What bothers me the most about this post, though, is that the author seems to ignore the fact that the expense of eating healthy foods is NOT just about the cost of food itself. It’s about access. How many grocery stores are in your area? Do you live in a food desert? Do you live out in the middle of nowhere, where there’s only one store around for miles? So much for comparison shopping. Do you live in an urban neighborhood, where there’s a fast-food joint on every corner, but the nearest Whole Foods is 15, 20 miles away? Do you have a car to drive to that Whole Foods? If not, what about mass transit? Does it even go there? Is it affordable to take it that far?

It’s also about time. If you’re working multiple jobs just to keep your bills paid, food shopping several times a week for fresh food might not be an option. Neither is taking the time to venture out to the suburbs to the aforementioned Whole Foods. Or taking the time to read through labels to avoid government-subsidized ingredients in processed foods, like HFCS. Or going to different stores to compare prices. And what about the time that goes into preparing a meal from all these fresh foods? What about the space required to store them? I’d love to stock up on boneless, skinless chicken when it’s on sale, but my freezer only holds so much.

And while the author keeps his/her post strictly about food, let me go beyond that to the subject of exercise. Being able to afford a gym membership is a privilege. Being able to go for a walk or jog in a relatively safe neighborhood where random shootings and muggings and rapes are not a huge threat? Also a privilege. As is having a home big enough to store exercise equipment. Or having time to devote specifically to exercise as well.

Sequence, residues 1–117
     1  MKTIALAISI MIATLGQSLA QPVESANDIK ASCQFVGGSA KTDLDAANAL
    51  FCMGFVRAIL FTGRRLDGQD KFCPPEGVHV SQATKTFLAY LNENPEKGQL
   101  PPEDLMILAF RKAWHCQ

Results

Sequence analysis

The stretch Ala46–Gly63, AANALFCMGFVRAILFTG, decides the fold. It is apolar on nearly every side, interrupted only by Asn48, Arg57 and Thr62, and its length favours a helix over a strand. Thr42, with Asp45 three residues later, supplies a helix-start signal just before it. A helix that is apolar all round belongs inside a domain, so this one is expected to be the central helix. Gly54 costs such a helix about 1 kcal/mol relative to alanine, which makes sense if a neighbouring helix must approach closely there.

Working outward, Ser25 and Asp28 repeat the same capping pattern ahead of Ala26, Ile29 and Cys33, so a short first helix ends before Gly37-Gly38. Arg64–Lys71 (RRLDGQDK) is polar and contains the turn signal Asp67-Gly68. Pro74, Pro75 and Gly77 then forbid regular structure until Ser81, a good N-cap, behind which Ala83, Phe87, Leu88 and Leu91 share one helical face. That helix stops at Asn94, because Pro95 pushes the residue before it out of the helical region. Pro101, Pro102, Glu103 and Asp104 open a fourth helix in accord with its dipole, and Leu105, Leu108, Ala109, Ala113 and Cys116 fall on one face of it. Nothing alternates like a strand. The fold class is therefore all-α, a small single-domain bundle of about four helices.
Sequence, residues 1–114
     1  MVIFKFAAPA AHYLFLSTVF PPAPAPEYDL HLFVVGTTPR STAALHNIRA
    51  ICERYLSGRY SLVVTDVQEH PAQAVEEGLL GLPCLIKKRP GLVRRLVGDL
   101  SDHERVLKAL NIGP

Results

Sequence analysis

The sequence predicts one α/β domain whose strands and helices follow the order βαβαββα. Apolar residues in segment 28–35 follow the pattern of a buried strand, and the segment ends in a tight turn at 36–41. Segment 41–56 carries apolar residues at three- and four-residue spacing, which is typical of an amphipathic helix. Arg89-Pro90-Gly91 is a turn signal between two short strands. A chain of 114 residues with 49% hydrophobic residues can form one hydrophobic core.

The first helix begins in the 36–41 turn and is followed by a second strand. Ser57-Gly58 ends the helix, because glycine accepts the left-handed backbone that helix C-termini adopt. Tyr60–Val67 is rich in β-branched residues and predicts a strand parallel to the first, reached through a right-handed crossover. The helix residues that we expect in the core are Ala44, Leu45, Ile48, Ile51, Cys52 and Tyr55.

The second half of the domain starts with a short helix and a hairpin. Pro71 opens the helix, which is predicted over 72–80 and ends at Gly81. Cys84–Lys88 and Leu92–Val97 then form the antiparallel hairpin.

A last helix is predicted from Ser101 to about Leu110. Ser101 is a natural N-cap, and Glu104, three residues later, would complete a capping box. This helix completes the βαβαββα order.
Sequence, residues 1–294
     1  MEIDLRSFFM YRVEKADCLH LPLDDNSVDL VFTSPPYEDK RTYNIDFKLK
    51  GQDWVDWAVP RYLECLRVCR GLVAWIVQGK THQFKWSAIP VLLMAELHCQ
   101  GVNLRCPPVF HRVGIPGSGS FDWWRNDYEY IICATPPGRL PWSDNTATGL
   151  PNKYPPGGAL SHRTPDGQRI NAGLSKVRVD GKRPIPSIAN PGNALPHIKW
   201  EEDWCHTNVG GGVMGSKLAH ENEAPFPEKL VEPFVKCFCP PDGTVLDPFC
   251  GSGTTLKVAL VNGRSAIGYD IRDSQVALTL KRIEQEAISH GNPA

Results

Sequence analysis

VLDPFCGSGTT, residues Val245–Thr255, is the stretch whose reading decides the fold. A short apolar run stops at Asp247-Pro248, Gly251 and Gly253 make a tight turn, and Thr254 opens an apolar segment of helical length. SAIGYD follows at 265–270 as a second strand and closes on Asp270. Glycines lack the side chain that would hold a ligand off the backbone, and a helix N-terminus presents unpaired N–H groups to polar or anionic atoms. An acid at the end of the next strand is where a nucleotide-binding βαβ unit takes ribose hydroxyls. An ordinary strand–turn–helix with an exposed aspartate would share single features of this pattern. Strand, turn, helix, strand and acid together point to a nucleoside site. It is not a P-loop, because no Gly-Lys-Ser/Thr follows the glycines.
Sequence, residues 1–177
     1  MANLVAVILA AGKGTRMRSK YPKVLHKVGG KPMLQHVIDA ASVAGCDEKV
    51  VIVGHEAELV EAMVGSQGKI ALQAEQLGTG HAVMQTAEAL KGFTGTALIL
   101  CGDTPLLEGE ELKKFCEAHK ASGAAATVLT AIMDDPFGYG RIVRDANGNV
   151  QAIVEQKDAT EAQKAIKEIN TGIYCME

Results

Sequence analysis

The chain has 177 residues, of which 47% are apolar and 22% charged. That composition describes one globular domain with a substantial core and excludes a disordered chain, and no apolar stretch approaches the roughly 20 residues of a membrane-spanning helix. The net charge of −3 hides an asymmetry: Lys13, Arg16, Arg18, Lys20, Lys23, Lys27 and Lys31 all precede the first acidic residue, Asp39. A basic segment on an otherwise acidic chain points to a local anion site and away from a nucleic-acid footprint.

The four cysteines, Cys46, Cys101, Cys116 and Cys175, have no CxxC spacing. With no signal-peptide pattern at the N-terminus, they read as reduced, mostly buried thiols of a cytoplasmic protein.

These are not excuses; it’s reality, for many, many people. We’re privileged enough to be sitting here on the internet, yammering on about all this, when people out there can only be concerned with surviving. And for a lot of people, that’s grabbing a cheeseburger and a caffeinated beverage from the McDonald’s dollar menu while on the way to work, just to have enough energy to work, because that is all that time and money allow.

Word.

-Julia Childless

Have Your Steak and Hide It, Too

Monday, March 29th, 2010

At first I was confused by this WSJ story about how high end restaurants are feeling optimistic because “expense-account spending is trickling back.” I had this weird idea that spending other people’s money is kind of why the economy tanked, but I was obviously wrong. Boomtimes, here we come! 

Of course, the transition from bust to boom can be stressful. How do you walk past all those laid-off workers and ruined stockholders with your stomach full of steak? Awkward. Luckily, some restaurants are providing cover for those who want to spend a lot on meals without rubbing it in our faces. Maloney & Porcelli, a steakhouse in New York, will give you leftovers in a bag from a cheaper restaurant, and they have an online fraud fake receipt generator that lets you enter the amount of your meal and get  sales slips that will make it seem like you’re one of the little people.

Now, if you’ll excuse me, I’m going to go roll around in my money room.

—Snacktime

Macarons, We’re Watching You

Monday, March 29th, 2010

                

Guess what they’re selling at all the hot bakeries these days? Zeitgeist. And zeitgeist tastes like those little hamburger-looking cookies called macarons.

Salon says macarons are the new cupcake. (They also called them “moon pies on acid.” Liberals.) We just had Macaron Day here in New York, which is really cool because we have our budget totally in order and our governor is not a pathological liar.  Check out this Google trend!

Macarons are hitting the market in a weird way—high end and mainstream at the same time. All the foodie blogs are running recipes, but there’s a populist aspect to the trend as well. According to the the Wall Street Journal, macarons are already available in Trader Joe’s, Starbucks and McCafé, the café chain that McDonald’s has in France, which I have never heard of until now and I am dying to visit. It sounds more fun than the Macaron Café uptown, and also it is in France.

Being the new cupcake would be one thing. But could they be the next bacon? I haven’t seen a macaron tattoo yet.

—Snacktime

Image via Serious Eats.